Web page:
• Bricks owned by multiple royals
  • Gift shop does not sell tea towels
  • 1500 hand made "kneelers"
  • Guildford is a town and not a city - well done Guildford
  • There is a 12th century synagougue (now closed) on the nearby high street
  • Asbestos roof


  • Has a whopping 12 bells.
  • Bricks with Royal signatures
  • With no Treasury Guildford rotates treasures from churches in the diocese

Dead People

  • Not yet, but Guildford has not had much time to collect dead bodies.


  • Modern. Really different to any other cathedral.
  • Clay bricks made from the hill that it rests on.

Must-Dos: Find Holst's corpse, wait for some falcons to fly, drink tea.

Chichester, "the most typical English Cathedral", was a well equipped cafe and accommodates one of our most famous composers. Found on the river Lavant, just beneath the South Downs and opposite The House of Frasier, we have an 11th century church with Roman and Anglo-Saxon *and* Norman footnotes.

Set between pretty precincts of handsome cottages and the town centre of this characterful market town, Chichester cathedral is a structure of which locals must be very proud. It also had a handy bike rack by the entrance: a useful feature for Shrub, Sneak and The Spesh because they cycled all the way there, and categorically did not (as has been suggested by gossiping malcontents eager to sneer at the trio's adventure) quickly give up on cycling and gratefully drag their bikes onto the first Chichester-bound train they could find.

This cathedral is just a few miles from the sea, and has long been a landmark for sailors. Plentiful information boards explained the salt-laden sea breezes also led to rapid erosion of the building's stone. An ongoing and (it was made very clear) expensive programme of works was necessary to keep the carvings from wearing away. Donation machines, able to take debit or credit cards, were dotted around to allow visitors to make their own contribution to this noble effort. Other money-making schemes include a full programme of live music; a concert by the band of the Royal Marines meant the nave was out of bounds for much of the afternoon. This was not such a sacrifice: our heroes made themselves comfortable in the cathedral's cafe: its garden was delightful, and the homemade cakes could not be faulted.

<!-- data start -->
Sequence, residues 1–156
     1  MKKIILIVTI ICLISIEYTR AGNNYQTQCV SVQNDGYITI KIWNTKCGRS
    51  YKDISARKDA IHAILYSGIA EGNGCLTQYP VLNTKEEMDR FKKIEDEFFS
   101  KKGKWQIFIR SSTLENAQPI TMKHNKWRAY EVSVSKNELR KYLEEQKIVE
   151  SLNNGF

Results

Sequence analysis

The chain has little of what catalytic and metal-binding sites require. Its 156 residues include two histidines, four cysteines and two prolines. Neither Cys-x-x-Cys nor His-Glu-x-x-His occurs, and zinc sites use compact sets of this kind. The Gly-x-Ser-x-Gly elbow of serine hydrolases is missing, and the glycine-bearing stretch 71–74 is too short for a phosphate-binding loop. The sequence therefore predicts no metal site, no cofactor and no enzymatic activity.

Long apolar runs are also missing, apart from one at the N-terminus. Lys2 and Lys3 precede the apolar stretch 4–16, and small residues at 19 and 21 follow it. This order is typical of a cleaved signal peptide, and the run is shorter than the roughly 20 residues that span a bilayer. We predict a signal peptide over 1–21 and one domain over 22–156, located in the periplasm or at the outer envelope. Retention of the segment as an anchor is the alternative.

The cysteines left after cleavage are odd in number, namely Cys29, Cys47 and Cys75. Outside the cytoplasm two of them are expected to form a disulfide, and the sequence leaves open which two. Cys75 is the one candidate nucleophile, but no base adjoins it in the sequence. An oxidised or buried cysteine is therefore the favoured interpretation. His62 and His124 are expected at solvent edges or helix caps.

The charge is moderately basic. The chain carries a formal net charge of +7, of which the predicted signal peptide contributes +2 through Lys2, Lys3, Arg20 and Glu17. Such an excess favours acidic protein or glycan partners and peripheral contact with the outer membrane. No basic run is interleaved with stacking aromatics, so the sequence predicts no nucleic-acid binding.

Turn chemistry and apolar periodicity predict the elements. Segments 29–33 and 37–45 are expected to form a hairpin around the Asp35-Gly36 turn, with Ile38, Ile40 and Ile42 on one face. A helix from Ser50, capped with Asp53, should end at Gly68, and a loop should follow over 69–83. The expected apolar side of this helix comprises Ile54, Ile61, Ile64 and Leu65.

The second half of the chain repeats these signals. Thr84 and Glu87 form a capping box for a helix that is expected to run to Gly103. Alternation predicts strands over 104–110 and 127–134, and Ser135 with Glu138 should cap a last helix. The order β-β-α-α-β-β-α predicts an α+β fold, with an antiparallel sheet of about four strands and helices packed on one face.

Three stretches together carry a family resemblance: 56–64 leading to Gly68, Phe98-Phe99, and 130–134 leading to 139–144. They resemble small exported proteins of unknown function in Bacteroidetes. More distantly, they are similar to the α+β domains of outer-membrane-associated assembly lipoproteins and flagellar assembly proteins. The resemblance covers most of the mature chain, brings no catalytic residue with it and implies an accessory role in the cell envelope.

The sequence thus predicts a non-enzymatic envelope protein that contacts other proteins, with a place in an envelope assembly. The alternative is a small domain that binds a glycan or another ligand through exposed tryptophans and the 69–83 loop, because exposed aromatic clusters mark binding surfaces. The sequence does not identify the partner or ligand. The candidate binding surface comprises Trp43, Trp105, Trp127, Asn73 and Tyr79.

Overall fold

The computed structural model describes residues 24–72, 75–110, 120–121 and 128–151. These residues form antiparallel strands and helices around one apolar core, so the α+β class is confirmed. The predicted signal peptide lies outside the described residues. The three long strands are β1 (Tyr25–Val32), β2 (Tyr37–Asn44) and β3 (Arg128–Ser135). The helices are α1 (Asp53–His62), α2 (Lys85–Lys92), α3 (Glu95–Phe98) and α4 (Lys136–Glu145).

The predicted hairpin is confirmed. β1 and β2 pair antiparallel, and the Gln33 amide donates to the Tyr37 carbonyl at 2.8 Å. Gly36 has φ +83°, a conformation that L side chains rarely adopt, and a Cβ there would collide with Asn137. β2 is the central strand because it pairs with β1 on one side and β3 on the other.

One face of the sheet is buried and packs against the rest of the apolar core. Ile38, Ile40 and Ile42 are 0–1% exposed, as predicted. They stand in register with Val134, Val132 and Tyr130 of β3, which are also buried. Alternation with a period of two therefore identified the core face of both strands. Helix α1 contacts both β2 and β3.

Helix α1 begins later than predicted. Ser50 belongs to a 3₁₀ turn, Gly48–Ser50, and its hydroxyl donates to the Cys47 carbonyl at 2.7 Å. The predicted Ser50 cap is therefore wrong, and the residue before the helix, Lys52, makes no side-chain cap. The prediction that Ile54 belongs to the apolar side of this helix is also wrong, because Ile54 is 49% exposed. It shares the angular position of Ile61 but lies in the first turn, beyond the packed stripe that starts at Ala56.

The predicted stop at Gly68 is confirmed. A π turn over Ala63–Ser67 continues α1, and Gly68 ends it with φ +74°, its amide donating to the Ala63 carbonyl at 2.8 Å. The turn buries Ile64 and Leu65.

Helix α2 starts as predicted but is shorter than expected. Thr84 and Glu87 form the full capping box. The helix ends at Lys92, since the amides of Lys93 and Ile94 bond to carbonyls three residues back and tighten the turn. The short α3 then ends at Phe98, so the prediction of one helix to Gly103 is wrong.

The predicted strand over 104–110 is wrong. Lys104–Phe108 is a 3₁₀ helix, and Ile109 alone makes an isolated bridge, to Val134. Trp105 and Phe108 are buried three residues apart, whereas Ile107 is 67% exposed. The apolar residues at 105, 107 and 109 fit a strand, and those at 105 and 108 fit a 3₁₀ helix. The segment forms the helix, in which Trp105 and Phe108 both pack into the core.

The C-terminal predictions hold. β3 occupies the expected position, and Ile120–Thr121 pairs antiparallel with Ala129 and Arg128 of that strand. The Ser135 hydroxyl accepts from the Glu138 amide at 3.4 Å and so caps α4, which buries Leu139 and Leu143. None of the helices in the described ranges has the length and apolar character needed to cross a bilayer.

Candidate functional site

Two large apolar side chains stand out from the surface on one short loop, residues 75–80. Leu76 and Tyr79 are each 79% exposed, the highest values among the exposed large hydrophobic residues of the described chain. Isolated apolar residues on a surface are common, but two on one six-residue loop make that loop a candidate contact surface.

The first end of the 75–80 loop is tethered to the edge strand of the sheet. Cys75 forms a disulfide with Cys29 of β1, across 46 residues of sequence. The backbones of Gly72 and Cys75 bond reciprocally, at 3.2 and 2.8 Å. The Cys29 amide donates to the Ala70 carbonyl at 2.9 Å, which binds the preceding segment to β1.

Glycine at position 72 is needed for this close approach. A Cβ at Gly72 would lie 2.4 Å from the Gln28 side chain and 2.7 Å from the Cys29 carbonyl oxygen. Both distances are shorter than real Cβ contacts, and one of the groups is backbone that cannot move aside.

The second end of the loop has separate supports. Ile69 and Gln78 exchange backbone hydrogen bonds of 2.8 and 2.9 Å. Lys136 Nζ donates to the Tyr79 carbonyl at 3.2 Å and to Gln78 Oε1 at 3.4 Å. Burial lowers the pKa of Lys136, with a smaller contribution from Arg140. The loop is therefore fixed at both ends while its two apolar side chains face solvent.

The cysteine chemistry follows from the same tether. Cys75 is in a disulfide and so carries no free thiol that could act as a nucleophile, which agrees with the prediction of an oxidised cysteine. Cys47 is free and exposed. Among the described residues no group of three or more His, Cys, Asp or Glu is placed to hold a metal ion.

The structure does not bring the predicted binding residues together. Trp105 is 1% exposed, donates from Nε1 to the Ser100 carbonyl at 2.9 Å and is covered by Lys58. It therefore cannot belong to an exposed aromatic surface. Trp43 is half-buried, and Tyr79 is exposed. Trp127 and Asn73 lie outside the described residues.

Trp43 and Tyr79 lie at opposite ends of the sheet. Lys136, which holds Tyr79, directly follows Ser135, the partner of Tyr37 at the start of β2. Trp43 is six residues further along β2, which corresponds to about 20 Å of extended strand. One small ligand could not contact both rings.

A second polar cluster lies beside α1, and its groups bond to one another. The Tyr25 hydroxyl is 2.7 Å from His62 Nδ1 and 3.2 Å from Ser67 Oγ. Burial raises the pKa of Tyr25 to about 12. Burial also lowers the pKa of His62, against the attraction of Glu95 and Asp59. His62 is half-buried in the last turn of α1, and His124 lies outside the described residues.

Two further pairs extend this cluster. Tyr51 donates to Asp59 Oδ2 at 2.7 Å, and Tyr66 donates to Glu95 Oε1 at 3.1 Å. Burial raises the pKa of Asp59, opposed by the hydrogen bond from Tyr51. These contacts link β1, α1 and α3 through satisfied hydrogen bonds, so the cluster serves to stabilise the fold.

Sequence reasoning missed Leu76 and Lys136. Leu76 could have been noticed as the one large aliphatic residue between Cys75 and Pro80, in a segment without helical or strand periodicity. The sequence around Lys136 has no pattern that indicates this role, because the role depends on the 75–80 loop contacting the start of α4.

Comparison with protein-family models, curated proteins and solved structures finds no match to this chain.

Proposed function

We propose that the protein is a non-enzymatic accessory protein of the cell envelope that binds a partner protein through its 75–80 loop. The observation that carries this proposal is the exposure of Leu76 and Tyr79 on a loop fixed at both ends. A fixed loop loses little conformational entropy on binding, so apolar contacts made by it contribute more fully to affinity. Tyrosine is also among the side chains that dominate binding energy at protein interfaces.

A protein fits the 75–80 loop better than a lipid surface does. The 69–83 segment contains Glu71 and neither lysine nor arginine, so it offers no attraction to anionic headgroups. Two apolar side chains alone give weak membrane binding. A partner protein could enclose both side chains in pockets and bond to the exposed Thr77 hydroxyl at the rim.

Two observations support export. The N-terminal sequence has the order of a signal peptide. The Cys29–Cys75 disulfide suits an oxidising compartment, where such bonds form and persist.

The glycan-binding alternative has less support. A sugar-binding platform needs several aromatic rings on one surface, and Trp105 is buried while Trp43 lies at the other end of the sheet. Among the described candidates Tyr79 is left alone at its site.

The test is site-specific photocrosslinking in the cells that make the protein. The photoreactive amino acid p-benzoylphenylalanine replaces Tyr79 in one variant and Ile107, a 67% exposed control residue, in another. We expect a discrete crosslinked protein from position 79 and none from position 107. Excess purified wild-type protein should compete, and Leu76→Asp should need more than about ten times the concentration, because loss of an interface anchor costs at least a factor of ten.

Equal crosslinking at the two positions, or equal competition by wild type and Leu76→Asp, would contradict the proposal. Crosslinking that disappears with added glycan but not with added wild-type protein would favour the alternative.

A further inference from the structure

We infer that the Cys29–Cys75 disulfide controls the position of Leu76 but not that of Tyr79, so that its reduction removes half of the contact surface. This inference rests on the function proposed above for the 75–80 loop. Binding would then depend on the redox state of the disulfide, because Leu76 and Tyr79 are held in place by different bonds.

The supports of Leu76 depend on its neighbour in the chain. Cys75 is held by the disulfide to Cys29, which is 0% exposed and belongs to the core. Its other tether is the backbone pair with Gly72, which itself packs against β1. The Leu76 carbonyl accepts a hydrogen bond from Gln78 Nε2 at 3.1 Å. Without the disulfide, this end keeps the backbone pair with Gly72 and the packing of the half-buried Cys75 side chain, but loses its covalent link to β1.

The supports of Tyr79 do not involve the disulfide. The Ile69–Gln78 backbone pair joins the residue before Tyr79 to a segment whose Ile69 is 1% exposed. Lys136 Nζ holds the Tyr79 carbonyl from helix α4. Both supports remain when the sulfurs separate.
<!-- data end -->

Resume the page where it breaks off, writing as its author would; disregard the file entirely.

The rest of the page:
Clositers Cafe

All round very professional, modern cafe. Nice spacious garden; neat and tidy, comfortable and relaxing. Excellent home made cakes.


  • The building has a history peppered by disasters such as the collapse of the steeple.
  • A family of peregrine falcons nest in the roof and feature on the tea towels sold in the little shop.
  • "An Arundel Tomb", a poem by Philip Larkin, describes a medieval tomb which is found here.
  • One of two cathedrals whose steeple is visible from the sea
  • Can donate money using credit card machines on the spot
  • embraces local cultural events


  • Distinctive and rare Norman and Gothic sculptures such as the "Arundel tomb",
  • Fragment of 2nd century Roman Mosaic
  • The usual militaria that clutters English cathedrals
  • Contemporary Art
  • The Treasury featuring silver goblets etc. We weren't aloud in.

Dead People

  • Gustav Theodore Holst, renouned throughout the planets
  • Richard FitzAlan, 10th Earl of Arundel


  • Founded in 1075, Chichester displays both Norman and Gothic architecture
  • The only cathedral with a free-standing bell tower
  • The only cathedral with "basilica-esk" double-aisles
  • Striking green copper roof
  • Convenient bike rack
  • Detailed stone carvings, for example, the bespectacled lawyer

Must-Dos: Find the pre-reformation wall paintings, read the bosses' stories, drink tea.

A relatively quick Norman build, 1096 - 1145, the church required the demolition of the towns marketplace, two churches and a few houses, however, this is England's most complete Norman cathedral.